Try to Lift and Roll more to slow down. Try to Conserve momentum, Remember the Brakes are disposing of the energy you got from burning your Gas!

Tire Pressure can really help in this strategy!

This will require practice, but can pay dividends in MPG'S!!

Tracy G.
Tracy Gallaway
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Last edit: by Tracy Gallaway.

Not getting gains in mileage after the groove? 18 Jul 2021 22:18 #3

  • GregK
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Tracy Gallaway wrote: When it's time to slow down, do like was shown in that video in Greg's post above. "Lift and Roll.". I don't know how universal this is, but I have seen this elsewhere, that when the throttle is cut to decelerate IN GEAR, the injectors are cut off. You need to look ahead in traffic and driving conditions to do this well. Not always possible to take full advantage of this- but we're playing Percentage Ball here!

To summarize: Re-think your driving style.
Use a harder acceleration to get to speed (takes getting used to).
Use WOT now and then, judiciously.
Once at desired speed, cruise steadily as possible, as conditions allow.
Look and try to plan ahead, to be able to decellerate IN GEAR, foot OFF the throttle,
Try to Lift and Roll more to slow down. Try to Conserve momentum, Remember the Brakes are disposing of the energy you got from burning your Gas!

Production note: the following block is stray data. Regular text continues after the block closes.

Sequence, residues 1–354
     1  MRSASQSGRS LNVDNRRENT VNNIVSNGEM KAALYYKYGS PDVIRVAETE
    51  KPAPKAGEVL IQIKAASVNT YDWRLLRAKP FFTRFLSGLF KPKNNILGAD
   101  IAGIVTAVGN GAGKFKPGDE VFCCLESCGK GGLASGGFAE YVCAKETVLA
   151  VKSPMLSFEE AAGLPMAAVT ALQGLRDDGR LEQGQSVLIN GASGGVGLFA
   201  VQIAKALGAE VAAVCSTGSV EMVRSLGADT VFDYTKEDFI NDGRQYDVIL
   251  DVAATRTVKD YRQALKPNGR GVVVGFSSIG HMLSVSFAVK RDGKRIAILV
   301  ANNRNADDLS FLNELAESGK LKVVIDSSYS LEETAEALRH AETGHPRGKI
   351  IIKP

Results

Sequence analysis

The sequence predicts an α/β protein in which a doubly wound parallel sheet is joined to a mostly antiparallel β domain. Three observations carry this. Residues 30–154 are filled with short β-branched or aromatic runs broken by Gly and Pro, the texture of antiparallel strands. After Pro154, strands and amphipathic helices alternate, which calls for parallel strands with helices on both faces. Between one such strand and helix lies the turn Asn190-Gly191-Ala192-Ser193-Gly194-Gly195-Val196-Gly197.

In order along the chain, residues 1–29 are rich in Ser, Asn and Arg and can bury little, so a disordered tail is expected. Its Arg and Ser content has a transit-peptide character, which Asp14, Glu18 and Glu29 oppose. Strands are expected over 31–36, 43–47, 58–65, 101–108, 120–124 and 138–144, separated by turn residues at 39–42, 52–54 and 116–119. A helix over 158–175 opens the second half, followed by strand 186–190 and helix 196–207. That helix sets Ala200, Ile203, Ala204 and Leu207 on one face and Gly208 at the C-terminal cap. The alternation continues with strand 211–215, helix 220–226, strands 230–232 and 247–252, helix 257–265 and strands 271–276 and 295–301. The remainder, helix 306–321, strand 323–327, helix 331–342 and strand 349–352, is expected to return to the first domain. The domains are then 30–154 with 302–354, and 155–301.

Tire Pressure can really help in this strategy!

This will require practice, but can pay dividends in MPG'S!!

Tracy G.


quite right, Tracy - get off the gas sooner than later when you know that a stop is coming. when your alignment is right and tire pressure is optimum, you'll be able to coast like the proverbial grand piano across a greased stage.
The computer routine that is triggered when you do get off the gas is called "Deceleration fuel cutoff" - in the case of my vehicle, even though I haven't formally tested it. I suspect what happens is that the MAP sensor sees manifold vacuum going deep (with closed throttle) with an engine load and opens up the EGR valve to let whatever may not have been burned in the combustion event return into the manifold for re-burning - my instrument cluster has an instantaneous fuel consumption readout, and there's one long grade I travel regularly on the highway that I can take my foot completely off the gas and coast where that readout drops to 0.0L/100km at 100km/h! In my case in that instance, engine compression and the transmission keep things happening, but for all intents and purposes, I get infinite mileage at that time.
decel fuel cutoff - you dont give it a chance to work if you're constantly riding the back bumper of the car in front of you, and are hard on the brakes, then back hard on the accelerator to get back up to speed. it's all about feathering the gas pedal after starting from a stop, unless you have to REALLY get past someone. I'm certain it's one of the reasons Ron preached about making sure your intake gaskets were 100% and any other vacuum leaks attended to, regardless of whether your car was carbureted, port injected or direct injected - fuel vapourises better under deep vacuum, and only vapour burns in the presence of ignition spark.
Greg Kusiak